Sunday, July 1, 2018

Revised New Jerusalem Bible

The Jerusalem Bible and New Jerusalem Bible have now been followed by the Revised New Jerusalem Bible.  Here's the description from Amazon:

A Bible for study and proclamation. The Revised New Jerusalem Bible presents anew the scholarship, character and clarity of the 1966 Jerusalem Bible (the first modern English version) and the 1985 New Jerusalem Bible. It is a Bible that prioritises accuracy of translation and richness of tone, written that `the message might be fully proclaimed' (2 Ti 4:17). This volume presents the full New Testament and the Psalms, and a comprehensive set of study notes, cross-references and book introductions. `Clear read' style. The biblical scriptures were written to be proclaimed, so the RNJB uses linguistic style and speech patterns best suited for being read out loud. Formal equivalence. The language, concepts and imagery of the original scriptures are presented more accurately by the RNJB than the colloquial approach of many other modern translations. Gender inclusion. The message of the Bible is for all people, so care has been taken to avoid traditional male bias of the English language, while remaining faithful to the meaning of the original scriptures. Revised Grail Psalter. The book of Psalms is based on the text of the 2010 translation of The Revised Grail Psalms. Modern measurements. Ancient systems of measuring and timing have been replaced by modern, metric equivalents. Comprehensive study notes. The notes, cross-references and book introductions of the JB and NJB are replaced in the RNJB by new materials which reflect the fruit of the most up-to-date and ecumenical scholarship. The Revised New Jerusalem Bible has been prepared and edited by The Revd Henry Wansbrough OSB, who was previously General Editor of the New Jerusalem Bible.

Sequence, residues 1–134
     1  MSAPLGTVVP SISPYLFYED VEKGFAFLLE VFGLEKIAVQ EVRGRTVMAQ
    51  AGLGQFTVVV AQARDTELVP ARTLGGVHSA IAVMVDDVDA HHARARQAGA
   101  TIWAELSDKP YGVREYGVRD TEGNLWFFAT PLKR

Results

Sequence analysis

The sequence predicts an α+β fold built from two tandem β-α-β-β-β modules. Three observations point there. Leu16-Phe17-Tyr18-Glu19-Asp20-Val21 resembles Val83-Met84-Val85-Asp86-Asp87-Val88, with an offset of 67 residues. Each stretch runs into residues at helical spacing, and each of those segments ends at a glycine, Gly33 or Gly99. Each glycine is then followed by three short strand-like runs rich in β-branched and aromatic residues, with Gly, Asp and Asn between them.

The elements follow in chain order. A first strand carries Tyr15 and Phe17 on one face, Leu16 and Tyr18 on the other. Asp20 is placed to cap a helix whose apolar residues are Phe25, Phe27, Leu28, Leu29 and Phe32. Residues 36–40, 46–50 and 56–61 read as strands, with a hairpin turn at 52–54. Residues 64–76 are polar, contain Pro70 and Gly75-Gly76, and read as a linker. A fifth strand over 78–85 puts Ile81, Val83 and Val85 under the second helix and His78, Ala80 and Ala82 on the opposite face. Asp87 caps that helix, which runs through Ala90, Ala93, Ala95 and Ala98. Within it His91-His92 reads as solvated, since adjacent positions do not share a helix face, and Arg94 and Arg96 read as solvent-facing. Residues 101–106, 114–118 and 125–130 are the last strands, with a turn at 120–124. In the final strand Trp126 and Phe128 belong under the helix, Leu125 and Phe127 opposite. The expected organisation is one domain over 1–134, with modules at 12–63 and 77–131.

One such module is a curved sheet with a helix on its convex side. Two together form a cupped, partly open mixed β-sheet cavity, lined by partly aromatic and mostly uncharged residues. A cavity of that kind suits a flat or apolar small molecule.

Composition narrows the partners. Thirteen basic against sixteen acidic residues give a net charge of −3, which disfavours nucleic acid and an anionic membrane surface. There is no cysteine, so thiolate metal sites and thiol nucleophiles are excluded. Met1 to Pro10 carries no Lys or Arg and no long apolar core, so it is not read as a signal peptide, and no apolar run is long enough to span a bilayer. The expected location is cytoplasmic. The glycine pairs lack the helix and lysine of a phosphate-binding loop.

The New Testament and Psalms is available now on sites such as Amazon.

The Full Bible is set to be released in April of next year.  It is available for pre-order on Amazon.

1 comment:

  1. The Amazon description is simply the publisher's. (DLT)
    The promise of "accuracy of translation" rings somewhat hollow when we compare, say, Ps 83:18 in the NJB and RNJB.
    "you alone bear the name of Yahweh" is changed - not "translated" - into a title that is applied to several other persons in scripture.
    Is the god of the RCC now one that 'dare not speak its name'?